There’s been some wrangling over a potential breakthrough lung cancer drug in US District Court in Boston. The legal battle pits Gatekeeper Pharmaceuticals, a little-known biotech firm in Millbrae, Calif., against the prominent Dana-Farber Cancer Institute in Boston and the Swiss drug giant Novartis.
At the center of the dispute is an anticancer molecule discovered by researchers at Dana-Farber — and whether Novartis or Gatekeeper should get to develop it, according to court records.
The molecule could potentially combat cases of non-small-cell lung cancer with specific gene mutations that make the deadly cancer resist Roche and OSI Pharmaceuticals’ blockbuster cancer pill erlotinib (Tarceva) and AstraZeneca’s gefitinib (Iressa), according to court documents filed by Gatekeeper. If the anticancer molecule in dispute makes it through clinical trials, it could be worth a fortune to the company that brings it to market.
Dana-Farber scientists founded Gatekeeper in March 2009 to commercialize their discovery of the potential lung cancer drug and other similar molecules, according to documents filed by Gatekeeper’s president, John Chant. Chant has served as president of the firm since its inception and led negotiations with Dana-Farber to secure an option to exclusively license the molecule in June 2009.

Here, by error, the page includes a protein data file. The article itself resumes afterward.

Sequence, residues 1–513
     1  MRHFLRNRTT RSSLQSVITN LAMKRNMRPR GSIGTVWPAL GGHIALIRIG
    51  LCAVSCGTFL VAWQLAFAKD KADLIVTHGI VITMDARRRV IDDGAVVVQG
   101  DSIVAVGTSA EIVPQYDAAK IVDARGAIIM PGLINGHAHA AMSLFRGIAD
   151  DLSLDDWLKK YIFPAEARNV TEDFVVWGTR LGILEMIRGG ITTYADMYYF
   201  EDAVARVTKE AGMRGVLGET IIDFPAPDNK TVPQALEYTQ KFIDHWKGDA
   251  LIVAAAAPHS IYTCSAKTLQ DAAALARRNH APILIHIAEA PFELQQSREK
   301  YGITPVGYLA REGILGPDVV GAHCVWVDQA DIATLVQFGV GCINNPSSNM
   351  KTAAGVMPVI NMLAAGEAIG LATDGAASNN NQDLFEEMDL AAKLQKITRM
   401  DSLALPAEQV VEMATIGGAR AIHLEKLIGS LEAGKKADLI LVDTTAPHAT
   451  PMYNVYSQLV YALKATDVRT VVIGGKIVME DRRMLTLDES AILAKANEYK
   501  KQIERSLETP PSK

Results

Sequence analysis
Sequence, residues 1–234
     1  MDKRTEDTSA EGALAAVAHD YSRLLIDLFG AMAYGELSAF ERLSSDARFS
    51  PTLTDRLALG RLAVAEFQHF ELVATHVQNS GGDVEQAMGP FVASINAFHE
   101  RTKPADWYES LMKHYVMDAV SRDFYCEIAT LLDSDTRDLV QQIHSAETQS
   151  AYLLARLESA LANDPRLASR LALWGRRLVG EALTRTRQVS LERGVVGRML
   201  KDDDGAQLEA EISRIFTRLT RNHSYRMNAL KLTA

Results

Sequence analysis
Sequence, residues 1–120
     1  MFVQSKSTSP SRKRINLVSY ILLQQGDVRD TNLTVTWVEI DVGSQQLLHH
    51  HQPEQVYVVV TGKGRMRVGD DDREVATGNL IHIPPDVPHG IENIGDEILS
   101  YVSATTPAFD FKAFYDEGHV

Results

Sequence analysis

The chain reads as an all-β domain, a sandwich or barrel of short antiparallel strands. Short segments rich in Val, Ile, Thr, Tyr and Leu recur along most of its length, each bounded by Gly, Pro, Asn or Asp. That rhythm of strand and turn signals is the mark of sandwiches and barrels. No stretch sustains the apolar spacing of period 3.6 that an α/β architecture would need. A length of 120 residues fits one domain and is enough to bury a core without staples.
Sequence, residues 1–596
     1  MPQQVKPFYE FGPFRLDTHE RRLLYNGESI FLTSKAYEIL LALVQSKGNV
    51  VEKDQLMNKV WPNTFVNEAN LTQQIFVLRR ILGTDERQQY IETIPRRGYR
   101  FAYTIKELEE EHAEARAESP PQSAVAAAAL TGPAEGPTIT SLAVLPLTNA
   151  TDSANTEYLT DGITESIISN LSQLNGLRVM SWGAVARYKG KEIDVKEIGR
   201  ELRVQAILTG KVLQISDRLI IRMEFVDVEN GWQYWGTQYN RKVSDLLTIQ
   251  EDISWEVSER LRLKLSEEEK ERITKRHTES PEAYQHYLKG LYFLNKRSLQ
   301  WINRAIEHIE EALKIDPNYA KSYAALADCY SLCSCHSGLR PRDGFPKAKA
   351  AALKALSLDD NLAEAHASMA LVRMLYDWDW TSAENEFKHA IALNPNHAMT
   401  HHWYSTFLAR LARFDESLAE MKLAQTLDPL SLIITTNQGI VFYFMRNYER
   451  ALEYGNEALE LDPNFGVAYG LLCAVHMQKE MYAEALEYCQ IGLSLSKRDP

Gatekeeper told the cancer institute this spring that it wanted to exercise the licensing option. But Dana-Farber filed a lawsuit last month in which it asks the court to release it from its agreement with Gatekeeper. Dana-Farber’s complaint said it initially decided last year that Gatekeeper was eligible to license the drug candidate, but that Dana-Farber reviewed the matter again and concluded this August that its longtime research supporter, Novartis, has rights to license the molecule.
Gatekeeper’s board and its president have made separate filings that dispute that conclusion.
Dana-Farber’s lawsuit shines a light on the conflicts that can arise when academic groups enter into far-reaching deals with drug companies, which have become a major source of research funding for elite researchers in the Boston area and elsewhere.
Unlike government agencies, drug companies often attach strings to their research awards to academics, giving the firms the ability to acquire or license the breakthroughs made in the labs they support.
Novartis has provided research funding to Dana-Farber under a 2005 agreement that gives Novartis the option to license discoveries that emerge from the funded research, according to the cancer institute’s suit against Gatekeeper.
At issue is whether the molecules that were to be the foundation of Gatekeeper’s business are covered under the deal between Dana-Farber and Novartis.
On Oct. 15, an attorney for Gatekeeper’s board of directors filed a response to Dana-Farber’s original complaint, asking the court to recognize the start-up’s rights to the anticancer molecules. The filing also asked the court to rule that Novartis did not fund the research behind the technology.